ORLANDO — Regulators have bombarded mortgage servicers with a flurry of new regulations and government programs in the past year, heaping on tasks and costly reviews. Now they're asking to hear the mortgage companies' complaints.
Mortgage servicers who gathered in Orlando last week to fret over the regulations and other problems facing their businesses were met with a surprise: nearly every regulator who spoke at the conference actively solicited their feedback.
"We really want to hear from the servicing community on things they're concerned about or worried about," said Christopher C. Haspel, a senior advisor for securitization and servicing at the Consumer Financial Protection Bureau. He was one of several government officials to speak last week at a conference hosted by the Mortgage Bankers Association.
Julia Gordon, the manager of single-family policy at the Federal Housing Finance Agency, was even more explicit.
"I can't tell you how many times we've made a change from what we've heard in the field," said Gordon, a former senior policy counsel at the Center for Responsible Lending. "I've only been here 10 months, but I can assure you, we are trying to talk to all stakeholders."
Servicers will have their hands full in the months ahead trying to implement more government policies, some of which are tweaks to existing government programs that have run into problems in the past.
Though regulators said at the conference that they want to reduce "uncertainty" for servicers, they acknowledged that some of their policies will lead to more costs and regulatory risks.
"We do understand that one of things mentioned about tighter credit availability is putback risk," said Mario Ugoletti, a special advisor to Ed DeMarco, the FHFA's acting director.
That putback risk is more prominent than ever, and has caused problems for some of the biggest mortgage servicers. Last week Bank of America Corp. stopped selling some residential mortgages to Fannie Mae, citing an ongoing dispute over billions of dollars in mortgage repurchase claims.
Servicers are also dealing with the cloud of suspicion they have been under ever since the industry's widespread robo-signing practices came to light.
Now regulators are demanding far more documentation of servicers' loss-mitigation and foreclosure processes, including audits and reviews of loan files. Federal regulators also are working on national servicing standards that are expected to contain more stringent reporting requirements.
"The servicers are increasingly required to report on every detail," said Diane Pendley, a managing director at Fitch Ratings. "Transparency is definitely the theme."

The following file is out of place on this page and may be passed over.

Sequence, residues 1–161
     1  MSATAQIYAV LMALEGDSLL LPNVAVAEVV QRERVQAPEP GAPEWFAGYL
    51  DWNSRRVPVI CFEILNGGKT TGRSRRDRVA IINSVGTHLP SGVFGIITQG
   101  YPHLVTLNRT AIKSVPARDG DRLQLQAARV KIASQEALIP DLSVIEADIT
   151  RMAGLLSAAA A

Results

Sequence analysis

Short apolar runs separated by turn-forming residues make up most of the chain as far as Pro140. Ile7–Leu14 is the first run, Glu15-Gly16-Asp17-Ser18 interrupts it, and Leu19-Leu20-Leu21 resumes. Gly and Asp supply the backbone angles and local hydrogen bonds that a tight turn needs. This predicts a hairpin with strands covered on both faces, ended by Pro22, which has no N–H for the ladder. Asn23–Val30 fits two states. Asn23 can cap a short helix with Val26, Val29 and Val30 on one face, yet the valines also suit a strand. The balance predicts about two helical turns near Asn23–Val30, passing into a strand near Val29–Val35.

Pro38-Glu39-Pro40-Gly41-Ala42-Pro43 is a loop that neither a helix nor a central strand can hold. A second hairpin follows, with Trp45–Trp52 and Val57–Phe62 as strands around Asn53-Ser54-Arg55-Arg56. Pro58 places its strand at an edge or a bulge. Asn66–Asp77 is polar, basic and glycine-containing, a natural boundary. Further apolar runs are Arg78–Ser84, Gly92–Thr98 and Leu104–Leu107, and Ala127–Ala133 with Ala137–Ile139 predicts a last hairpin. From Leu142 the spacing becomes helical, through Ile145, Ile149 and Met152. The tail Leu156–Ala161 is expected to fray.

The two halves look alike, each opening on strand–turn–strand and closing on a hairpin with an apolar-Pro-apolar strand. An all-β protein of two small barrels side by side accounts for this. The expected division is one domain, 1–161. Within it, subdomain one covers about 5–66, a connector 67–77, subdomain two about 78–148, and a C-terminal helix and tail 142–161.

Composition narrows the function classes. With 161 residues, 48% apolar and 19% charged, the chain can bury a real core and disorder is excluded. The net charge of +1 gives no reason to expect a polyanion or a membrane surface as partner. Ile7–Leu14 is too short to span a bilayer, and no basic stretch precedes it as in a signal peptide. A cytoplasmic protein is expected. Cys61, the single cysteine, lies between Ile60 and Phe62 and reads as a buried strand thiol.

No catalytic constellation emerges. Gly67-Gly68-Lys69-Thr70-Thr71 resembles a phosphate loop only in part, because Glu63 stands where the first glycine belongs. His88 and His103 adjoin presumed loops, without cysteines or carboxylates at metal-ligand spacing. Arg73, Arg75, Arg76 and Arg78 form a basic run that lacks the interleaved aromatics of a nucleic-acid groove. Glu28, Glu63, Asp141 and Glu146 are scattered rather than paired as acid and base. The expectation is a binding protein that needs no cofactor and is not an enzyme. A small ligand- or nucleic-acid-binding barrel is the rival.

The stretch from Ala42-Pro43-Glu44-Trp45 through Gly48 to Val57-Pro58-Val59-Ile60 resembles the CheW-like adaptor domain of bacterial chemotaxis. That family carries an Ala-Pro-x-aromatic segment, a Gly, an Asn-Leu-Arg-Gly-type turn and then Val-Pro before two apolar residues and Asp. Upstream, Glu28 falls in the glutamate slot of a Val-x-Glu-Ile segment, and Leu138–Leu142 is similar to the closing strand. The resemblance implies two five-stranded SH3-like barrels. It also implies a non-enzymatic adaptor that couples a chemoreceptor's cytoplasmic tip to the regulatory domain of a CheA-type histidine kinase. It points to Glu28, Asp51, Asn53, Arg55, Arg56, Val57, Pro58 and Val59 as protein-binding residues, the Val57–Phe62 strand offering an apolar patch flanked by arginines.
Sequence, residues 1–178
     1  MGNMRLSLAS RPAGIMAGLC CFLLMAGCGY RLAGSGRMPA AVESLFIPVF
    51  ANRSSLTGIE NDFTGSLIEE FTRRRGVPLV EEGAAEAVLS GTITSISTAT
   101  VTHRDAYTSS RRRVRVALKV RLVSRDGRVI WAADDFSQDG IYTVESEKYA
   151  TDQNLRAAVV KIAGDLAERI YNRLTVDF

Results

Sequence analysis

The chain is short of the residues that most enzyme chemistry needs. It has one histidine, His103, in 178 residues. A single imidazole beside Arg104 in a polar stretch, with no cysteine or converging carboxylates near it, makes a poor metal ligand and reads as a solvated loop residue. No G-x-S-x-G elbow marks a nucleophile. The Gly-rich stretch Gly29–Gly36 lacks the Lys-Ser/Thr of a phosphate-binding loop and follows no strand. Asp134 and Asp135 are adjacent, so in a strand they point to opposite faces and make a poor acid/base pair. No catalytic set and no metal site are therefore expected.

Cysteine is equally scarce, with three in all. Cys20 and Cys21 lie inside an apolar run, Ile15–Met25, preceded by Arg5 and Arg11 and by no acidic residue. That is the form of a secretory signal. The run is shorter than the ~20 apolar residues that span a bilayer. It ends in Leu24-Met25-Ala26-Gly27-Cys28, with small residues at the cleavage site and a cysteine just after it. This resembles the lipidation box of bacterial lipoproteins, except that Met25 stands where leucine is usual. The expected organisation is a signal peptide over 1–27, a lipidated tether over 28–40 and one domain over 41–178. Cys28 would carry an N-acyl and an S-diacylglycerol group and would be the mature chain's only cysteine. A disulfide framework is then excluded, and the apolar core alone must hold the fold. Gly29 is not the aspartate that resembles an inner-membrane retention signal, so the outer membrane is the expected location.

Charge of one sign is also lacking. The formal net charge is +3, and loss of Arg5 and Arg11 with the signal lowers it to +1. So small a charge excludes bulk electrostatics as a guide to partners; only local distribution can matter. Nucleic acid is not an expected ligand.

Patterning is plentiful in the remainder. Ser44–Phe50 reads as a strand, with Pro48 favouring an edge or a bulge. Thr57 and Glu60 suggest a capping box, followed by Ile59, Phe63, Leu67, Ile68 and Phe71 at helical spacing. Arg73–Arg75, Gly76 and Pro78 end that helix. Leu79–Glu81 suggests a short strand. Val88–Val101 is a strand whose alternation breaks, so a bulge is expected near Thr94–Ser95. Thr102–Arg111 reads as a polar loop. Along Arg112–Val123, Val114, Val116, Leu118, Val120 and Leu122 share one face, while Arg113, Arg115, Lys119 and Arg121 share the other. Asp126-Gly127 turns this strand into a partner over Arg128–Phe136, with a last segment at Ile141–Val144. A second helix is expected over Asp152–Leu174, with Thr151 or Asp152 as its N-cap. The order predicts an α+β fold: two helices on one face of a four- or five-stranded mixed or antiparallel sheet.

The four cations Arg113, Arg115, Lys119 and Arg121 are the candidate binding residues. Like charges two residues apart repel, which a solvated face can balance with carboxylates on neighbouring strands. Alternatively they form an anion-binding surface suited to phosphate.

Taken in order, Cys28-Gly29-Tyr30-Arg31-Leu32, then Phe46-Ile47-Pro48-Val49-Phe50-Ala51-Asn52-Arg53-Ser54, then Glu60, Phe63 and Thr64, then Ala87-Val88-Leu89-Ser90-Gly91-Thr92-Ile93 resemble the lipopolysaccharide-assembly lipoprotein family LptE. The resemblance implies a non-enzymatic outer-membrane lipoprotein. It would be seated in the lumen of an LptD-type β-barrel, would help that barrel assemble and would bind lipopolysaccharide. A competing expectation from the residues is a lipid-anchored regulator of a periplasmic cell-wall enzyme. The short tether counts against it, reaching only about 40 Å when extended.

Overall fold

Nigel D. Brazier, a managing director at Newbold Advisors, said servicers need to identify each regulatory change, create processes to implement the changes that hold employees accountable and track their progress.
"It all comes down to making sure every step of the process is tracked and documented," Brazier said. "Servicing should be like a utility with a consistent set of practices."
Fannie Mae, Freddie Mac and the Federal Housing Administration have all made changes to get servicers to resolve the massive backlog of seriously delinquent loans and those in the process of foreclosure. They are pushing this year for more short sales and deeds-in-lieu of foreclosure, and for better disposition of real-estate owned properties.
Charles Coulter, a deputy assistant secretary for single-family housing at the Department of Housing and Urban Development, which oversees the FHA, said HUD will roll out a new performance scorecard in the second quarter to see if servicers are engaging in loss mitigation early enough to help borrowers avoid foreclosure.
Coulter also wants feedback. "We want to continue the outreach to all of our servicers," he said.
Freddie Mac also has a new scorecard with "rewards and fees," to prod servicers to increase short sales and alternatives to foreclosure, said Tracy Mooney, a Freddie senior vice president of single-family servicing and real-estate owned property.
Freddie will be adding "boots on the ground" in Florida this year to focus on its "aged inventory," Mooney told servicers during a panel discussion at the conference. The government-sponsored enterprise also plans to roll out a new methodology for getting better valuations of REOs, he said.
"We're doing this to minimize dysfunction in the market place, by hopefully eliminating broker-appraiser coercion, and the stigma of severely undervalued REO," Mooney said.
Some mortgage servicers still are dragging their feet when it comes to quality control. But some conference attendees were still putting more blame on the borrowers, and the industry's former widespread lax underwriting standards.
"It's hard to put a value on oversight and investments in compliance," said Pendley. "But I have to get over being physically ill when I look at a loan because many of the borrowers were just not qualified. The servicer didn't put the borrower in that situation."